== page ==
Two years ago, I noted that the data shows that the Texas Supreme Court grants a disproportionate number of petitions for review that come through certain intermediate appellate courts.   One of those intermediate appellate courts is the Third Court of Appeals District, informally known as the Austin Court of Appeals.  That trend continues.

Focusing on granted petitions for review, I was curious about where some of these disputes started out, so I looked at what counties the cases originated in.   All things being equal, I would expect to see more cases coming from counties with higher populations, which also have a higher number of trial courts.  My assumption proved to be generally true.

Petitions for review granted for the 10 most populous counties

Isolating the ten most populous counties in Texas, I looked at the number of petitions actually granted that originated in each county versus the number that one might expect to come from that county if the grant rate was in proportion to the population.  This is what the data looks like in graph form:

The Texas Supreme Court grants a higher-than-expected number of petitions for cases originating in Harris County and Travis County.  Dallas County and Bexar County are about what would be expected.  The other counties fall below what might be expected. I also note that though Jefferson County is not one of the state’s top 10 most populous counties, the number of petitions that were granted where the case originated in Jefferson County far exceeds what would be expected based upon population.

Grant rate for Travis County cases is high

The most interesting thing, in my view, about the graph is the grant rate for cases that originate in Travis County.  At the county level, the discrepancy in expected grant rates for Travis County is more exaggerated than it is at the court of appeals level for the Austin Court of Appeals, where cases appealed from Travis County must go first.

The legislature establishes trial courts in counties according to the demands on the judicial system in a county.  Population within a county is a big factor in placing demands on the judicial system.  Travis County being the fifth most populous county in the state would be expected to have greater judicial needs than less populous counties.  But Travis County is special in another way in that the legislature has required that certain types of cases involving the State of Texas and its political subdivisions must be filed in Travis County.   This fact accounts for a higher number of cases starting out in Travis County than one might expect based upon the size of the county alone.  And it is notable that 2/3 of the granted petitions for cases that originate in Travis County involve the state or one of its political subdivisions.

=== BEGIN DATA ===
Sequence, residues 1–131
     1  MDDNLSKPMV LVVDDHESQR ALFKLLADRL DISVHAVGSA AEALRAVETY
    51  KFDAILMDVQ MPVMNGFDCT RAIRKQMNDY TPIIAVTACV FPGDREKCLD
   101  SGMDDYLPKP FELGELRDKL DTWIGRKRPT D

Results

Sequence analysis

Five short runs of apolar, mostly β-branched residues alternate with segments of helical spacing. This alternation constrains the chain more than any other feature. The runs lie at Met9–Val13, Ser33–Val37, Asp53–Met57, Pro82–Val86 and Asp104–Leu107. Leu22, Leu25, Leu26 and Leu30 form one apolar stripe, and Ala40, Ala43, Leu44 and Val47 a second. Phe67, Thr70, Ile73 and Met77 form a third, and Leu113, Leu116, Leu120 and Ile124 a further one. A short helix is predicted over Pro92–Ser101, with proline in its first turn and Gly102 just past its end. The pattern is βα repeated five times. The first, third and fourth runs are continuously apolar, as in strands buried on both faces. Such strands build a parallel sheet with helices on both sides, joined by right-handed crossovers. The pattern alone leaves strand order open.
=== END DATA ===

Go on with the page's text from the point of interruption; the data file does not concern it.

“Importance to the Jurisprudence of the State” is the gatekeeper

Ultimately, there is an “equalizer” that presumably creates a level playing field across all petitions for review regardless of what county the case started in or who the parties to the lawsuit may be.  That equalizer is the Texas Supreme Court’s jurisdictional standard.  That standard requires that a petition must “present a question of law that is important to the jurisprudence of the state.”  Tex. Gov’t Code § 22.001(a).  All of this leads to the question of why such a disproportionate number of cases from Travis County are deemed to raise a question of law that is important to the jurisprudence of the state.  Do cases in which the state is a party or the state’s operations and business are at issue automatically qualify?  I have my own thoughts about the answer to this question, but I decided to take an unscientific, informal poll of some of my fellow board-certified appellate lawyers to get their perspectives.  I promised each of them anonymity in hopes of encouraging unfiltered responses.

There was near unanimity in the view that a petition does not present a question of law of importance to the jurisprudence of the state merely because the state or one of its subdivisions is a party or the issues involve state business.  To paraphrase one respondent, the focus should be on the legal issues, not the parties.  After all, the question is what is important to the jurisprudence, not what is important to the state.

But there was a healthy number of respondents that expressed the view that if the state or state’s business was involved, then there might be a  greater likelihood that the petition was one that presented legal issues of importance to the state’s jurisprudence.  And there was a mix of explanations as to why that might be the case.

Two respondents made the point that at the end of the day, it doesn’t matter what any of us think; all that matters is that the petition for review secured enough votes on the court to be granted.  And perhaps this is the best explanation as to why petitions for review for cases originating in Travis County have such a high grant rate.

 

About the Author: Mike Northrup

Mike Northrup is a Shareholder and Section Head of the Cowles and Thompson Appellate Practice Group.